juice of 6 lemons
6 cloves garlic, minced
2 teaspoons kosher salt
1 teaspoon freshly ground pepper
Romaine lettuce to garnish (optional)

Soak bulgur in hot water in a large bowl, for at least an hour. It should have absorbed all the water.

Mix parsley, mint, scallions, cucumbers and tomatoes into bulgur.

Whisk olive oil, lemon juice, garlic, salt and pepper into a vinaigrette. Pour over salad and toss together to mix thoroughly. Taste and adjust seasonings, if necessary.

Garnish salad bowl with individual lettuce leaves stood on end, tucked around the edge of the bowl, and serve, using the lettuce as a bowl for the salad.

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Tuesday, April 11, 2017

Yarn Along: Whatever I Knit This Week is a Bonus


Amira is still almost there, but with Holy Week, I'm not sure I'll get her finished. I made a mistake that requires me to go back two and a half rows to fix, which I am not looking forward to, either. However, I have a picture of my Sunday knitting up there. I don't work on my designs on Sundays, and I pull out other designers' work or personal designs that aren't for sale. Nejat's birthday is the next in line in the birthday season, so I'm making her these hunicorn slippers as her birthday gift. The plan is to use gold, sparkly, puffy paint to write Hunicorn on the soles of them. I had forgotten how quickly slippers for a four year old in worsted weight yarn knit up - I made the first one in a day, and if our big van wasn't at the shop, I would have had the second one finished in a day, too. Instead, I had to drive to church and back, because we had to take two vehicles, and it turns out that you are not supposed to knit and drive.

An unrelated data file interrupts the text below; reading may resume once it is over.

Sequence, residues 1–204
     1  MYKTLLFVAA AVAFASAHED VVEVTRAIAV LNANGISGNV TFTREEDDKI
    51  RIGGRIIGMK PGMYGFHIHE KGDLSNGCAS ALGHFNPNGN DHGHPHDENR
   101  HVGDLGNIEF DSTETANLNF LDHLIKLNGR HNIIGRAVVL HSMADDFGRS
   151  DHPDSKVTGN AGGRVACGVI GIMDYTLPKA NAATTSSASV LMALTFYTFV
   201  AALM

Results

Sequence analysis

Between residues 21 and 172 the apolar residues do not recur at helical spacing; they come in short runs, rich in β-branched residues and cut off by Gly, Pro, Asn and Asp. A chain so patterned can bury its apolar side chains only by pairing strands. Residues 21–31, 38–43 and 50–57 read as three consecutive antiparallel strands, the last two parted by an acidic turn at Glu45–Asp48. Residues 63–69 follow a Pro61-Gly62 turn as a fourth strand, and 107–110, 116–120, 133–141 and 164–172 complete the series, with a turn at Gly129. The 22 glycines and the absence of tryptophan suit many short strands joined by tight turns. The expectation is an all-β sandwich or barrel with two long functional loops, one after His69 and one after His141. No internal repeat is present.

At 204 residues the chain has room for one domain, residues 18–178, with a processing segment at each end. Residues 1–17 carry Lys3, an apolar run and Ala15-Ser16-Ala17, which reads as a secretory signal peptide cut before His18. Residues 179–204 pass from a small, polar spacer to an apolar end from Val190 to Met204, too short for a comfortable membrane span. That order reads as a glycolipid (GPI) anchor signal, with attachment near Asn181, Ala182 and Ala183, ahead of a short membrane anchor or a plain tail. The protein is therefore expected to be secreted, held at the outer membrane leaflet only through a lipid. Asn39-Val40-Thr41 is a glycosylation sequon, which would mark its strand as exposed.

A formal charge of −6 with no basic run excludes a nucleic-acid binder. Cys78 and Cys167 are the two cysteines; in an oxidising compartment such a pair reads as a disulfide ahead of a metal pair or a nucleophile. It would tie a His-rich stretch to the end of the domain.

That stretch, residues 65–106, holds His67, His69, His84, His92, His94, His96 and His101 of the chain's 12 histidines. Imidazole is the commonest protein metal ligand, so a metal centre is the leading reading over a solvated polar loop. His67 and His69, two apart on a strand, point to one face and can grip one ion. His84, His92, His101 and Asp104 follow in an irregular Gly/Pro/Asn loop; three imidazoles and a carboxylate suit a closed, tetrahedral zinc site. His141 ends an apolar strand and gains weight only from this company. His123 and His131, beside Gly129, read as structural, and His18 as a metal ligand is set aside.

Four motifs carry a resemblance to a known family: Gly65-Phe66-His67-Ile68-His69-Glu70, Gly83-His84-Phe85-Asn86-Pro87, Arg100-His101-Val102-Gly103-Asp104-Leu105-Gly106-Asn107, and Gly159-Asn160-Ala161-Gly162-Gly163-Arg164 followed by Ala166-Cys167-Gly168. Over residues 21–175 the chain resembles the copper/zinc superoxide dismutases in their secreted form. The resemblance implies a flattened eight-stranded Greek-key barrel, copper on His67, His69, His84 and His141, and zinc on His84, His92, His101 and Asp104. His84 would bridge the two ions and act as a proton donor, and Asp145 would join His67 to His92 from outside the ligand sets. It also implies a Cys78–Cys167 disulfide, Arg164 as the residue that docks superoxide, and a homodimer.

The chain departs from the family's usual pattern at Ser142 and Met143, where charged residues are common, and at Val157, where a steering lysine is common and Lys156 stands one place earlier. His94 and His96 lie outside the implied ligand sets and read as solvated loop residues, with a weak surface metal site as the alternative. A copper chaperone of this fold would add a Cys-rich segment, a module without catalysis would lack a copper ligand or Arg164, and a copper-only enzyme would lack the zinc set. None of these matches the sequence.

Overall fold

The Baby Shower Knit-a-Long for both the Shower's This Weekend baby sweater and the Shower's in an Hour baby hat begins next week! It runs from April 19 - May 3, and if you haven't joined up yet, there is plenty of time to do it. I won't close up sign ups until the last day. Please consider joining, as these are both quick, cute knits, and you could win some awesome prizes.

I do want to give you notice that during Holy Week, I will only be doing minimal business work, so please have patience with me if it takes a little while for me to reply.

My reading this week has been minimal. I have read story books from our Lenten book bin to our children, and I may have read a paragraph or two in Messenger of Truth.


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Monday, April 10, 2017

Menu Plan: Palm Sunday and Holy Week


I was down for the count with strep a couple weeks ago, so my normal grocery shopping, cooking, and planning was not done at all. Meals last week were interesting.

Fortunately, there was a teen skating night scheduled for Elijah's birthday, which meant that he could have a good time, even though I was not up to cooking and baking up a storm. Also, a sweet lady from church made five different types of cake for the coffee hour, partly because of his birthday, and since we weren't there, even delivered them to our house after liturgy.

This week, we walk the Via Dolorosa with the Lord. It is such a tough week for us, spiritually and emotionally, but one of growth. It is a week of preparation, both spiritually and physically, which is fitting, given our created nature.